Chinese melodies strike a chord in the US
Updated: 2017-03-22


Representatives from the Shanghai Conservatory of Music and the Confucius Institute of the University of Michigan pose for a group photo during the SCM delegation's visit to UM from March 5 to 11. [Photo provided to]

A group of teachers and students from the Shanghai Conservatory of Music (SCM) visited the University of Michigan (UM) in the US for several days of academic and musical discussions from March 5 to 11.

Representatives from the two schools found harmony on a range of issues, while sharing their ideas on best practice regarding student assessment, enrollment and school management.

The two sides' discussions of music were equally productive, with talks ranging from traditional Chinese musical styles and instruments to the development of modern art in China.


Professors from SCM share in-depth ideas on music with their US counterparts during their visit to the University of Michigan from March 5 to 11. [Photo provided to]

A lecture given by professor Zhao Weiping on the revitalization of popular music styles in the Tang Dynasty (618-907) aroused great interest among his US counterparts, while the leader of the Chinese delegation, professor Yang Yandi, gave an overview of the development of China's piano music over the past century and expressed his concern about the fusion and collision between Chinese and Western styles.

The Chinese visitors also impressed their US partners with various music shows, from the soft and gentle traditional Chinese melody of Moonlit River in Spring to the sonorous and forceful tunes of the General's Command and Chanting of the Iron Horse.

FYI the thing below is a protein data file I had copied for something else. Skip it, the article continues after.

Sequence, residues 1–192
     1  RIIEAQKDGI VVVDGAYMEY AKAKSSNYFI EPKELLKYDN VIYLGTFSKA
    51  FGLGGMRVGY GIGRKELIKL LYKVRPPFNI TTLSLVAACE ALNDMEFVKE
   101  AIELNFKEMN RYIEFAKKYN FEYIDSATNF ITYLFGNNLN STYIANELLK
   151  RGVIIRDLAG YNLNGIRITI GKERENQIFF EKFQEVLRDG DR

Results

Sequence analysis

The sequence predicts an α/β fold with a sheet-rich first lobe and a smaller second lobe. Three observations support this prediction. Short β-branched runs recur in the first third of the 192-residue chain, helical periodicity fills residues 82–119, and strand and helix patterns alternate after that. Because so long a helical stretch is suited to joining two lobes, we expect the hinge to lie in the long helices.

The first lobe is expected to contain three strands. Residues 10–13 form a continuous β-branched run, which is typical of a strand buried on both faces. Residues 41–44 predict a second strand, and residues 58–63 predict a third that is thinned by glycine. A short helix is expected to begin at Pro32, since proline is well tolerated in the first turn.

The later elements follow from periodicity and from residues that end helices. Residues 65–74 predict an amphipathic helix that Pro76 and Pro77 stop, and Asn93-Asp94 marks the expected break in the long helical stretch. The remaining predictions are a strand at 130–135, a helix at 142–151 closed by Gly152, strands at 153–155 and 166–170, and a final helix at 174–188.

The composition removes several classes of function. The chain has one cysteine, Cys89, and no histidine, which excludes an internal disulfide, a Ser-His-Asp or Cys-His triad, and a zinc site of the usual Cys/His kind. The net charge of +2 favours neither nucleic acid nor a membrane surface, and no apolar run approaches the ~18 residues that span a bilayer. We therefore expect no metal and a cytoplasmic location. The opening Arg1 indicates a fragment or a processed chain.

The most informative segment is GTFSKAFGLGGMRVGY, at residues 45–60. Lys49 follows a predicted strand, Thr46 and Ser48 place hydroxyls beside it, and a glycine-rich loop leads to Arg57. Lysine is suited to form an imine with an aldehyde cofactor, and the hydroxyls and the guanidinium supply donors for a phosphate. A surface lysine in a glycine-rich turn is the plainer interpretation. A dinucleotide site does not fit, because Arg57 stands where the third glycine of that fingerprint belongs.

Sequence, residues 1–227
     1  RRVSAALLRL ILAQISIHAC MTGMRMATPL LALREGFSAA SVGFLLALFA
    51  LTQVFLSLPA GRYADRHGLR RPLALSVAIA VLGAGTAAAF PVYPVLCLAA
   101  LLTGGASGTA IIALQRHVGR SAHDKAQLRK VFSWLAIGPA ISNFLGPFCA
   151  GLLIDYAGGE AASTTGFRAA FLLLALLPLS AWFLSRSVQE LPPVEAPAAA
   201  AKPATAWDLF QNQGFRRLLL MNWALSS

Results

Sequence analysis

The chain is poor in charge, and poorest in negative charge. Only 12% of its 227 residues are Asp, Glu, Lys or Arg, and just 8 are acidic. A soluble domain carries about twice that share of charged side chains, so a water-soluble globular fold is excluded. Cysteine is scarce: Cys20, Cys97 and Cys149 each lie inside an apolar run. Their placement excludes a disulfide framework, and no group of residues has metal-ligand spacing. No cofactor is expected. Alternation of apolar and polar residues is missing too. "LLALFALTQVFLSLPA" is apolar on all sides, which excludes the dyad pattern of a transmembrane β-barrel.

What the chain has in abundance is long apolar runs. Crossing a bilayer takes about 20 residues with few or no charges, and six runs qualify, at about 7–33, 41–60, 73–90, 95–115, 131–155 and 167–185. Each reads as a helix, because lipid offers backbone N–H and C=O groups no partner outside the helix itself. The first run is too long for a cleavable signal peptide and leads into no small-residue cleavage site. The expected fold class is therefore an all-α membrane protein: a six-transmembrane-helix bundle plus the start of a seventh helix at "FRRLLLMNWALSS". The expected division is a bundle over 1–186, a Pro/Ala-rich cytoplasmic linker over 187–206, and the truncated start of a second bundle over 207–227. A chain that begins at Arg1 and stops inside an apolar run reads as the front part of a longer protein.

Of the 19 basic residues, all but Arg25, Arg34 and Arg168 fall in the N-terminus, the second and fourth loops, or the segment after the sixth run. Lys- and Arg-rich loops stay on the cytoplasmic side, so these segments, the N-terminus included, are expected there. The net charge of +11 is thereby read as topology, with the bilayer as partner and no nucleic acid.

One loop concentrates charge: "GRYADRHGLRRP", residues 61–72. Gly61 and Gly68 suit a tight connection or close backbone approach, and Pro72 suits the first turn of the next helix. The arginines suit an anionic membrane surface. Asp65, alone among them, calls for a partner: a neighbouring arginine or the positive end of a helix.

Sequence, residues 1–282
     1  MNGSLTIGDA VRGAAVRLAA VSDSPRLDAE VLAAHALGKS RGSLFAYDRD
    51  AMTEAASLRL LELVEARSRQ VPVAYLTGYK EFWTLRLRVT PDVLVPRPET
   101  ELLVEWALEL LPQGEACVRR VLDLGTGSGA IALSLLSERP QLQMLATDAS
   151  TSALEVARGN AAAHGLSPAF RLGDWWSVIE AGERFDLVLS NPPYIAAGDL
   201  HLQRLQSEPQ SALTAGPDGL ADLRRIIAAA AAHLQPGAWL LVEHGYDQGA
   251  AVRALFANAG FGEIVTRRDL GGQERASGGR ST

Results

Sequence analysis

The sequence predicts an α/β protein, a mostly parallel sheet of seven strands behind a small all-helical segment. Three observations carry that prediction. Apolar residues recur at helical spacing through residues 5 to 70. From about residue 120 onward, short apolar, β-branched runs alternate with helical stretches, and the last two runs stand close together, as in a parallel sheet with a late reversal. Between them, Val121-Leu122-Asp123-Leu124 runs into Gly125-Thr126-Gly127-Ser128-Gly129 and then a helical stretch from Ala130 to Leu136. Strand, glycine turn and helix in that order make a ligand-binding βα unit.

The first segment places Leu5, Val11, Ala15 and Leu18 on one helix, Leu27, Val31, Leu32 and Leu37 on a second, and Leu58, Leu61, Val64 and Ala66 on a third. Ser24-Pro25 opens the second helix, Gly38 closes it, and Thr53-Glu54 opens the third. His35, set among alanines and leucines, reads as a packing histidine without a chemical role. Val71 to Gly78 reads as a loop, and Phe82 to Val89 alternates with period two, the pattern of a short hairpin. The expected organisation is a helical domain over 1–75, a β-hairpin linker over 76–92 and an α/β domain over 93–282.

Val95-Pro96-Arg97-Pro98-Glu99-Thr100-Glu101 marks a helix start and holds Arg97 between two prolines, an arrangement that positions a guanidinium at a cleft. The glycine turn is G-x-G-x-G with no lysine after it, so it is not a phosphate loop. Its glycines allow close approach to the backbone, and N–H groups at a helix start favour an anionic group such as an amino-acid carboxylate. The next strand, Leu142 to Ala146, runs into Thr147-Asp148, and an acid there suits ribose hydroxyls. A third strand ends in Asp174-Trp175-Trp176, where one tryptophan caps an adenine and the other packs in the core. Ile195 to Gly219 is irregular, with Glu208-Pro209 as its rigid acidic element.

The most rousing part was a collaborative set of performances, which were written by SCM teachers and performed by a group of UM students, who incisively and vividly brought out the essence of the pieces while endowing them with a unique sense of modernity.

During the interactive section, the group from SCM even gave an impromptu rendition of the UM rugby team's anthem with traditional Chinese elements. Featuring classical instruments like the erhu (two-stringed fiddle), pipa (Chinese lute) and guqin (Chinese zither), the adaptation won prolonged applause from the US students and teachers.


SCM delegation presents the UM counterparts with various music shows during their visit to the school from March 5 to 11. [Photo provided to]

Copyright © 2014 Shanghai Municipal Education Commission. All rights reserved.